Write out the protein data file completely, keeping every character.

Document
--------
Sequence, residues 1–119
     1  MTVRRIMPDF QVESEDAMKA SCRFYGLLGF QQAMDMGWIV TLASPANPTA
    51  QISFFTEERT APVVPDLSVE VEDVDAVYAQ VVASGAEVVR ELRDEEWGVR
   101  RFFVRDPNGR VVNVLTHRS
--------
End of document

Sequence, residues 1–119
     1  MTVRRIMPDF QVESEDAMKA SCRFYGLLGF QQAMDMGWIV TLASPANPTA
    51  QISFFTEERT APVVPDLSVE VEDVDAVYAQ VVASGAEVVR ELRDEEWGVR
   101  RFFVRDPNGR VVNVLTHRS